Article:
Almost written

How is it that Anne Enright can write an essay about not writing, and make it sound like the most brilliant thing ever? I sit around not writing all day and I wouldn’t be able to come up with anything half as decent as this if I actually sat down and, well, wrote.

You will notice that I haven’t mentioned what either of these books is about. That is because I know you will steal them from me immediately. These are really good ideas. You are not having them.

Read the whole thing.



“I’m fed up to the ears with old men dreaming up wars for young men to die in.” – Hunter S. Thompson

4 months, 3 weeks, 2 days

In the spirit of the ongoing merriment at Cannes, I decided to update with the trailer of last year’s Palme d’or, 4 Months, 3 Weeks, 2 Days:

It’s a shocking film, this one. Deceptively simple, too. Sort of a master class in how indie films that want lots of static shots should be done. Because I forced 4:30 upon myself last year while crashing a soci class, I’ve come to really despise unnecessary static shots, and indie films that have no idea how to use silence and static shots to move a story forward.

-end of rant-

Just a Tranquil Darker

by John Hodgen

The old woman asks if she can have her sunglasses just a tranquil darker,
and the optometrist, without blinking an eye, does not trifle with her,
says he can do that, says he’ll take care of that for her.
And I think for a moment he is William Wordsworth listening to Dorothy,
her spontaneous overflow of powerful feelings, her perfect tranquillity.
Or maybe he is God himself, the great optometrist, or at least that dim image
we strain to see of the omniscient god who mostly does not trifle with us.
The occasional hat flown off our heads, perhaps, the tossed banana peel
with the businessman’s wingtip approaching, the hurtling safe heading
down for our heads, all of us so intensely looking elsewhere, as if our lives
were God’s New Yorker cartoons, all his back issues stacked up, the ones
with the Elizabeth Bishop poems, teetering, in his waiting room.

Mostly He gives us our due, God, or Wordsworth for that matter, for the things
we choose to believe in, the things we say we’ll see if we can do, like loving
each other, like being true, like the woman who accompanies her husband,
the lawn mowing man, and sits on the steps of the houses he goes to.
(See her, by the daffodils?) She watches him moving from row to row,
loves the ease with which he moves, sees the lawn changing right before
her eyes, like some eye chart of I’s and E’s slowly coming into view,
her love for him the one thing that is perfectly clear.
It is as if they live in some peripheral light that is always glowing,
that we can see sometimes, like a lark that flares up suddenly
out of the corner of our eyes, somehow always lifting
from this cock-eyed part of the world, away from the glare,
to some other place where everything is just the way we want it,
just a tranquil darker.


from good ol’ Slate.

Poetry like this feels so comfortable.

Roy Andersson

I have a Swedish friend who can say Roy Andersson’s name the way it was meant to be pronounced. It sounds really cool. The Swedish language, in general, sounds very cool, don’t you think? If you agree, that would be one reason why you might enjoy Roy Andersson’s films.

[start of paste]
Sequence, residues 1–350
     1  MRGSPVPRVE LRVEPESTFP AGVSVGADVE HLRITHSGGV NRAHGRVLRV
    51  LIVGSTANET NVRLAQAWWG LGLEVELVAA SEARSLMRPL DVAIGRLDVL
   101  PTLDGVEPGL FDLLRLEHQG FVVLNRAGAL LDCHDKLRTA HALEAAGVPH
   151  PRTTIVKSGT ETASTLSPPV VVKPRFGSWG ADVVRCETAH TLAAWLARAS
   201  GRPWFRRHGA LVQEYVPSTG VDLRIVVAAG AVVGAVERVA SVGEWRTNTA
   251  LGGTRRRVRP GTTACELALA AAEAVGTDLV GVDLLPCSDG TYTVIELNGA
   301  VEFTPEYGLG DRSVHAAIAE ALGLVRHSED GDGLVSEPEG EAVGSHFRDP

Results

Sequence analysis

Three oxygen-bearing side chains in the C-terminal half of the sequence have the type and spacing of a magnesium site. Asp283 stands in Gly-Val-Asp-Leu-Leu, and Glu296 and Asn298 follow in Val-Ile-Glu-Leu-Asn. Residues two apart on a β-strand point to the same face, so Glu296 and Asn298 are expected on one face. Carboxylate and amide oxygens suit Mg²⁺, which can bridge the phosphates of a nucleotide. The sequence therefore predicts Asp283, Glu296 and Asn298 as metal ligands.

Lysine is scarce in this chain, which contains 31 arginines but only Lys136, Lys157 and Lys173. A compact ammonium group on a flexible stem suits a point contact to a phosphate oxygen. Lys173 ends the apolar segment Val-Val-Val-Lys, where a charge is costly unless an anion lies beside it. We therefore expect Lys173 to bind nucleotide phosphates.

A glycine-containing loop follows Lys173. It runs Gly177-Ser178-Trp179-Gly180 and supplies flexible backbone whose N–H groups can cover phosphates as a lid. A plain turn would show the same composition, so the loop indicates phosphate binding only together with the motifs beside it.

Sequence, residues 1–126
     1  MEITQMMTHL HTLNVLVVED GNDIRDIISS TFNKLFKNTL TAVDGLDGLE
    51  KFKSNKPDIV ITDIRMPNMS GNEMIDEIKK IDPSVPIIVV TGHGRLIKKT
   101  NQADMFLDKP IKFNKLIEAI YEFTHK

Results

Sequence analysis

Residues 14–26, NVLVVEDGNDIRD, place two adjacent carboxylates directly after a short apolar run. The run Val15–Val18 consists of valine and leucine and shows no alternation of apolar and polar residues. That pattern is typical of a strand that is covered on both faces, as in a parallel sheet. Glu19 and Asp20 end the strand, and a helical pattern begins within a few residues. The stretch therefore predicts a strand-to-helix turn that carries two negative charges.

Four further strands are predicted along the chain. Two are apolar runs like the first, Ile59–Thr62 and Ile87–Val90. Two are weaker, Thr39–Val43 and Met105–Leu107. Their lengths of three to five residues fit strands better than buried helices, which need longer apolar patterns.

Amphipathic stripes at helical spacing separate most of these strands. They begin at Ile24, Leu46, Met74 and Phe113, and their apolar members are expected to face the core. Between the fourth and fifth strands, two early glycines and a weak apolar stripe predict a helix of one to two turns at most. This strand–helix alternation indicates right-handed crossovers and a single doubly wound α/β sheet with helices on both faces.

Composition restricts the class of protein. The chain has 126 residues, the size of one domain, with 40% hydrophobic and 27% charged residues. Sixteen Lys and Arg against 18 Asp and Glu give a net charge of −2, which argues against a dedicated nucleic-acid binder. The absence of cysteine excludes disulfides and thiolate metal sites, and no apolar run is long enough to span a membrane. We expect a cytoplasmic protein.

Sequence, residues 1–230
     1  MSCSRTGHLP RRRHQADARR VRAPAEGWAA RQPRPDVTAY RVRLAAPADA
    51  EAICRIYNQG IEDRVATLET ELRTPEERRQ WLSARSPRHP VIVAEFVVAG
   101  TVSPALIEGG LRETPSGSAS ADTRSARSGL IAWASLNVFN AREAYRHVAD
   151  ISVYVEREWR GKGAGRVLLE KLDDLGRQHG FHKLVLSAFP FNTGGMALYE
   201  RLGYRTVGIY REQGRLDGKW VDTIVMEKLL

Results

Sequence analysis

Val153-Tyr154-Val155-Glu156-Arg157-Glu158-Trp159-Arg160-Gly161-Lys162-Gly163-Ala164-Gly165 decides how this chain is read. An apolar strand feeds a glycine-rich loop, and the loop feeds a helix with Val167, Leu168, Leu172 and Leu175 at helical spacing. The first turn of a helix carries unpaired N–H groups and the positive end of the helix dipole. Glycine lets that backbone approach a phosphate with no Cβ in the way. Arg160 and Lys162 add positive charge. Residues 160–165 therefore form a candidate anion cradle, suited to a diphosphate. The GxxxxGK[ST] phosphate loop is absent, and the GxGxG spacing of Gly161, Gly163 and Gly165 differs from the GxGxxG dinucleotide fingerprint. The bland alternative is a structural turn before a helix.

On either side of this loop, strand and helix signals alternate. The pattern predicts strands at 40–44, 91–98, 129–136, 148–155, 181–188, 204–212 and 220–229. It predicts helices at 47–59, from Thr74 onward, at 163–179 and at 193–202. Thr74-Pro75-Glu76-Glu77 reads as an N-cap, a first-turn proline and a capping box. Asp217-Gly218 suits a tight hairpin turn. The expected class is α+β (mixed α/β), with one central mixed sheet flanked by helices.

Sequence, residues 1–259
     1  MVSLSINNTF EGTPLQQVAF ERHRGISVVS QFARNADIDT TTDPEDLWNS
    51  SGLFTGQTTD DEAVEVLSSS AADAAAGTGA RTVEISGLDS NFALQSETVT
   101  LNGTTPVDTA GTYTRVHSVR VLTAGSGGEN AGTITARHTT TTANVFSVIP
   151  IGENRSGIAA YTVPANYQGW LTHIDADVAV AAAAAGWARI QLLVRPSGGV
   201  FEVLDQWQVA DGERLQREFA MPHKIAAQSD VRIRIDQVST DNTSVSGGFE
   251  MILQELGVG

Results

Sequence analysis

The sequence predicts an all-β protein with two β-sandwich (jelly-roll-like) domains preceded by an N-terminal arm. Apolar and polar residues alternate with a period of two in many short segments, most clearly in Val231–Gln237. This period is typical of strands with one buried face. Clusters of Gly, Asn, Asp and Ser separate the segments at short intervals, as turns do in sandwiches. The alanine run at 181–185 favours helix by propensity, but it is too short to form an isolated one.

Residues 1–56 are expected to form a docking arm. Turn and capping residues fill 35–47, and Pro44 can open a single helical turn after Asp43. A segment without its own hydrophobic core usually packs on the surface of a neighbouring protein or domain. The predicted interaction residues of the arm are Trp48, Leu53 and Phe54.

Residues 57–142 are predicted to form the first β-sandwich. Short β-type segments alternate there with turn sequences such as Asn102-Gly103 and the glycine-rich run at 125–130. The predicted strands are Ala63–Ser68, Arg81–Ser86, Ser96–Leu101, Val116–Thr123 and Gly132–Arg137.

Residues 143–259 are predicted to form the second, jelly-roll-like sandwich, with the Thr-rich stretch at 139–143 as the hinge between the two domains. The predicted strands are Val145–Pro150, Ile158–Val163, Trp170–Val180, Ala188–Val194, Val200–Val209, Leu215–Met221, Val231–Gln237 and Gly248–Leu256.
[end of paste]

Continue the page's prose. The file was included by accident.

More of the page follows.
Other reasons would include: the way his work is like visual poetry, laden with metaphors and rhyme and rhythm; his beautifully stark sets, which, through their ceramic-and-cement coldness speak of the human yearning for warmth; his dark humour; how the pallor of death that stains the faces of all his characters contrast against how painfully alive they are, how his vignettes say so little and so much at the same time.

You just have to watch his films to understand it.

Here is a trailer for his film Songs from the Second Floor.

And here are a bunch of commercials that he directed. He was a commercial director first before becoming a filmmaker. Ingmar Bergman once called him the best commercial director in the world. (My favourite’s the last one, the one for the Social Democrat party.)

A Man of Taste

Grant Achatz

I have no patience for full-length biographies but I do like reading profiles of people in newspapers or magazines. This is a good one from the New Yorker: a profile of Grant Achatz, a chef who’s battling tongue cancer.

(If you, like me, immediately thought “Hey, that’s like Beethoven composing music while deaf!”, the analogy crops up in the article itself.)

The food starts off at the savory end of the spectrum, and slowly turns sweeter, concluding with coffee, in the form of crystallized candy. Most items could be eaten in a bite or two, but the procession took four and a half hours. I had liquefied caramel popcorn in a shot glass, and a bean dish that came on a tray with a pillow full of nutmeg-scented air. The plate of beans was placed atop the pillow, forcing the aroma out. I sampled a “honey bush tea foam cascading over vanilla-scented brioche pudding,” in the words of the young man who brought it. There was also a dish centering on a cranberry that had been puréed and then re-formed into its original shape.

It’s an article about life as a chef, about cancer, about food and about how your tongue works. Like a good dish at a gourmet restaurant, you’ll never realise how well they all go together until you see it for yourself.

Other people’s parties

Say you’re stuck home on a Saturday night feeling lonely. Or it’s 3 p.m. on a weekday and you’re wishing for time to fast forward to Friday.

Stop feeling sorry for yourself right now and click here. Revel in the hilarity of photos taken out of context.

See what I mean?